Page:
Tag Archives: Fronty Ford
Thanks to Jim McCathren we have an excellent series of photos of a Model “T” Ford racing car that his grandfather campaigned out of his Dodge agency in Texas. The McCathren Motor Company was founded in June of 1923, when Earnest Raphael McCathren purchased Frost Motors in Breckenridge, Texas and thereby became the Dodge agency for the area. This car was not just your run of the mill Saturday night special, as it was constructed using parts supplied by some of the foremost manufacturers of racing parts and featured a crank-driven supercharger. McCathren is close to being finished with the project of building a faithful replica of this very car.
The details of the original car are as follows: The wheelbase was shortened by twelve inches to eighty-eight and the engine was set back eight inches in the frame as per directions found in the Complete Instructions for Building a Fronty Ford Racing Car by Arthur Chevrolet. The chassis was lowered six-inches. The front and rear radius rods were split and connected directly to pivots on the sides of the frame with special units used on the front. It used a 4.0: 1 final drive as many did, which was ideal for rapid acceleration needed in short track racing. The wheels were upgraded with knock-off hubs and racing-type wires utilizing straight-side tires. The steering box was replaced by a worm gear unit.
The engine featured a Rajo Model C35 OHV head, aluminum pistons and connecting rods, an oversized racing crankshaft, a high lift camshaft and a pressure oiling system with reservoir. The carburetor was a Winfield Model M feeding a centrifugal Gregg supercharger set up by Green Engineering. The Ford ignition was replaced with an Eisemann high tension magneto driven off of the side of a 3-in-1 front plate. The supercharger can be seen between the radiator and the front of the engine below.
Little is known about Thomas Robert “Bob” Stilwell, (seen behind the wheel) before late 1926 when he joined McCathren Motor Company as a driver and mechanic. On September 22, 1926, Stilwell crashed his Fronty Ford at the Fair Park track in Abilene, Texas and it caught fire. This was the end of his car and marked the beginning of his career with the McCathren Special. He raced it throughout the southwest until his death at a track in Dallas in 1934. You can learn more about McCathren Motor Company, the replica and racing in Texas during the period here. You can also follow our series all about the Model T Ford racing car here on The Old Motor.
This is the second and most interesting part of the 1929 Frontenac Ford catalog that we are featuring. Above you can see the complete “Fronty”- Ford equipped with the DOHC head, which you can read all about on the pages of the catalog below. The DOHC was the crown jewel, but in fact the SOHC head shown in the previous post is considered by some, to be the most successful and cylinder head that Fronty produced.
The DOHC being thin and light weight as most racing heads are, along with being a cross- flow head, which was cooler on the intake side and hot on the exhaust side, was prone to cracking in some instances with hard use and overheating.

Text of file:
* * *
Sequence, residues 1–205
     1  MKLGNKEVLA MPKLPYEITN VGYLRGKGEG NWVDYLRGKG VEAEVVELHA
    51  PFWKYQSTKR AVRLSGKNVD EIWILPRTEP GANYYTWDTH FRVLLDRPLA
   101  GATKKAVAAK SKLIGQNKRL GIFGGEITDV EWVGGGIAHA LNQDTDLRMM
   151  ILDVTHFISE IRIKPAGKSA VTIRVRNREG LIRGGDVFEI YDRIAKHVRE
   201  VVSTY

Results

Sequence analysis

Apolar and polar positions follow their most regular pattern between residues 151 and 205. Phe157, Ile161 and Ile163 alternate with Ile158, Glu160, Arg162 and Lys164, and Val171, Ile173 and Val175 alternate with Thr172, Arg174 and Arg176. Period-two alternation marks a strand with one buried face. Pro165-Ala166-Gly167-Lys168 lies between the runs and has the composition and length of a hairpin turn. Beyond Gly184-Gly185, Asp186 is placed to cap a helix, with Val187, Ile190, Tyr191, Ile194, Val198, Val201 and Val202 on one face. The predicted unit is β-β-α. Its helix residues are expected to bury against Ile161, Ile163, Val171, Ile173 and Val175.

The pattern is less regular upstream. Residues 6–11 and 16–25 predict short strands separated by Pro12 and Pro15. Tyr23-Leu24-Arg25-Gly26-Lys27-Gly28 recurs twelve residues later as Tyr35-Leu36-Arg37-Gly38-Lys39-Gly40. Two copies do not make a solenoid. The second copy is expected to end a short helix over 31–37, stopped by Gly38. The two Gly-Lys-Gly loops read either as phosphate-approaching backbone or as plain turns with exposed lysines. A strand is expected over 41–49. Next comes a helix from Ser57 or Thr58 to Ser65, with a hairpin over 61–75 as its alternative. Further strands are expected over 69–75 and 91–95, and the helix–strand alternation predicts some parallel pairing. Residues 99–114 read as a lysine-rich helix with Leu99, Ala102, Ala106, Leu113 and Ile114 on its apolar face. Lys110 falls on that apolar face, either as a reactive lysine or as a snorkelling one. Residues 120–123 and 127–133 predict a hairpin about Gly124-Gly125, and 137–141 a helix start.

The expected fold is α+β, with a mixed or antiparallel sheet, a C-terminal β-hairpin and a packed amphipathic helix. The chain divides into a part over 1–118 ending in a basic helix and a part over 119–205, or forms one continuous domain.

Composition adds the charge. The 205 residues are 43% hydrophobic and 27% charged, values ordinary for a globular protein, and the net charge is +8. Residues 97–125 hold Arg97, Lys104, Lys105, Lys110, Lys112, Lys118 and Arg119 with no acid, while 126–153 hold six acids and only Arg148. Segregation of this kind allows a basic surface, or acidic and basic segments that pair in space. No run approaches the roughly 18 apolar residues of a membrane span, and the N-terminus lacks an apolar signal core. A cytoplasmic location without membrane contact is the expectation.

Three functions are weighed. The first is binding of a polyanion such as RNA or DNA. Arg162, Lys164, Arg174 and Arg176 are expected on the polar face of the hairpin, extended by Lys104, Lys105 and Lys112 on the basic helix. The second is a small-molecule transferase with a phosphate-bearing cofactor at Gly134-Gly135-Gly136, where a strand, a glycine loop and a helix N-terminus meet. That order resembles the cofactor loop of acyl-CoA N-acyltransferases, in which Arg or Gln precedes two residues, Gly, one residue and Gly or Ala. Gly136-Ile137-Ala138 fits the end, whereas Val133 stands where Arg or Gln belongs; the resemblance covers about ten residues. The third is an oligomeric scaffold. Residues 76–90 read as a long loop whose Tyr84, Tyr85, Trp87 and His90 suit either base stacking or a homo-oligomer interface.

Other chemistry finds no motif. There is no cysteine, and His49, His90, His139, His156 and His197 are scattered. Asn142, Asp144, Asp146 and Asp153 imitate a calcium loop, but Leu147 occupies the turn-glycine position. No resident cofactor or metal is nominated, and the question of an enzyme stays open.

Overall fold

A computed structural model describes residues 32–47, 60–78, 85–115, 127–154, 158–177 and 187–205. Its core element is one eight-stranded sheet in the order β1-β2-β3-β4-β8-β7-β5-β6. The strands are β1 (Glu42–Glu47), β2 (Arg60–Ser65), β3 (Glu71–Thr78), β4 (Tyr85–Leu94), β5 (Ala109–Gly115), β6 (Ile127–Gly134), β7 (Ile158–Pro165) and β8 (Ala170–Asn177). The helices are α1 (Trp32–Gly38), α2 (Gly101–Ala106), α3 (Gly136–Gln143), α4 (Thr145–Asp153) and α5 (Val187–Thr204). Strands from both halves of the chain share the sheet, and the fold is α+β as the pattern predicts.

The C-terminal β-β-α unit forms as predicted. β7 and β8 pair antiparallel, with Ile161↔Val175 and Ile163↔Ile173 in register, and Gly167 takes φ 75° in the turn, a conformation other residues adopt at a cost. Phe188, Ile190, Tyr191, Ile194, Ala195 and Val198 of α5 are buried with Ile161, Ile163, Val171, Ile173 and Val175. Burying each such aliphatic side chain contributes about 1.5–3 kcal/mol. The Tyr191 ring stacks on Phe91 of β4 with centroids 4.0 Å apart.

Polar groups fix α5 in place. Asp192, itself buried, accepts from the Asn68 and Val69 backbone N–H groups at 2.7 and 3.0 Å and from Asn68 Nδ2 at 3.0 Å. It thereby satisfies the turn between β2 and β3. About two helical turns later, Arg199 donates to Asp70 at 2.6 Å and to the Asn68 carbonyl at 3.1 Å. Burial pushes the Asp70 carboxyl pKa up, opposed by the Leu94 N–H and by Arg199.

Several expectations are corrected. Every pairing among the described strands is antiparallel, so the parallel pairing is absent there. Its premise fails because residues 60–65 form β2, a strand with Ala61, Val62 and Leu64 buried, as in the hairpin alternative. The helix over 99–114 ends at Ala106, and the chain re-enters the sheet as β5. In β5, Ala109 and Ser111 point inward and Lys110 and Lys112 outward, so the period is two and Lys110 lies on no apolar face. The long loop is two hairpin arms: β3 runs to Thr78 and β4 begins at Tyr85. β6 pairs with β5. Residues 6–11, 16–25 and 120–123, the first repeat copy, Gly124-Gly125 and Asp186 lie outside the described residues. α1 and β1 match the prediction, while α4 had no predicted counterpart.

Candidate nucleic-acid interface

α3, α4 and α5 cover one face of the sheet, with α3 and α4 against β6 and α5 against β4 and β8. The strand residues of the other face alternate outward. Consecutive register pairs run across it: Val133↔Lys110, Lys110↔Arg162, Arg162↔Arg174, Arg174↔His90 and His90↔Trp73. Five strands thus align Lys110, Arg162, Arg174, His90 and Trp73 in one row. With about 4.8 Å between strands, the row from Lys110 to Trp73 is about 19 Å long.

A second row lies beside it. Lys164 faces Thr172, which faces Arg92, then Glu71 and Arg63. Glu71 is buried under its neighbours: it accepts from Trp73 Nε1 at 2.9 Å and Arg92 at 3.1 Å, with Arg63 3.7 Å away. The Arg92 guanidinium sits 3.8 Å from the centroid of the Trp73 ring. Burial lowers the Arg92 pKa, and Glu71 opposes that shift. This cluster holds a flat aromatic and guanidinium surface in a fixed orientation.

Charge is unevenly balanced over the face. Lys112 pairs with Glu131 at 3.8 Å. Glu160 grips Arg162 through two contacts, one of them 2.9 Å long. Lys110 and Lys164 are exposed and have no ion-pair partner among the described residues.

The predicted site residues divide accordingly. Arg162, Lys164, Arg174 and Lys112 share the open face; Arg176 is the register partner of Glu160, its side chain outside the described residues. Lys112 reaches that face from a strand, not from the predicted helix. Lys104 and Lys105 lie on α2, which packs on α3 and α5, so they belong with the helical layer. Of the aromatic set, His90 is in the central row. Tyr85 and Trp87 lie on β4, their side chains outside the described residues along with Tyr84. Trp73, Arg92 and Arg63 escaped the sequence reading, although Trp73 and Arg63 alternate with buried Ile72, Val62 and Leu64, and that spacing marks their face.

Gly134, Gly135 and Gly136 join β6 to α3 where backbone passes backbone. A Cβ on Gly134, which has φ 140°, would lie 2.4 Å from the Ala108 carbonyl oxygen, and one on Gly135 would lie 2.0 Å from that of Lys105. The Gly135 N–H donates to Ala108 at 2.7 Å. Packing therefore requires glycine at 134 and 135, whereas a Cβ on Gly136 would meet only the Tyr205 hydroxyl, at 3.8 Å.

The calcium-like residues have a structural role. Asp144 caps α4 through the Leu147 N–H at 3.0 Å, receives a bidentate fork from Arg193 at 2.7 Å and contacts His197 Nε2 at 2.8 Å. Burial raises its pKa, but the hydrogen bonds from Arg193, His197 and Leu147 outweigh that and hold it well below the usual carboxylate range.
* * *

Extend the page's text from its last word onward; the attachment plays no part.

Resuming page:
The prices quoted for a complete engine appear to be inexpensive today, but with inflat-ion figured in, the $765 No. 215 a complete 8 – valve rocker – arm equipped engine, would cost $10,184 today and the top of the line DOHC engine would retail at $18,639. The complete car would range between $26,627 and $35,946 depending on the choice of engines. These prices are somewhat inline with what a comparable sprint car costs today.
One other way to put it into perspective, a new Model A Ford in 1929, the year of this catalog was published, cost between $450 for a roadster to a high of $695 for a four door sedan. In the next post we will cover many of the parts that were available for purchase in the catalog, to enable the less well – heeled racer to construct his own racing car. The Frontenac Ford Catalog Part I. The Old Motor photos.
A week or so ago we posted some very interesting photos of early customs from Charlie Beesley’s motor life.blog. Also on his blog, Charlie has the two photos shown here of a Model T Ford speedster, wearing 1919 Montana plates. Having an interest in Model T Ford racing cars since youth, we thought this would be the perfect opportunity to introduce you to the fascinating world of Model T Ford SPEED, racing equipment and cars.
This early “Stutz” look – a – like appears to be a fairly tame road going speedster that may have been a father and son project judging by the faces in the cockpit in the photo below. Only ten years later, you can see from the excerpts of this 1929 Arthur Chevrolet Racing parts catalog above, just how far the racing equipment for the Model T had developed.
By the mid-twenties the Model T Ford was the most widely raced car in the county and a “Fronty Equipped” Ford managed to place fifth in the Indianapolis 500 race. Check out the pages of the “Fronty” catalog above and study them, as we will share more of this very interesting assortment for you in the near future. Included will be the dohc-16 valve cylinder head they manufactured, along with a complete line of racing parts and cars. See Part II of the Fronty catalog here.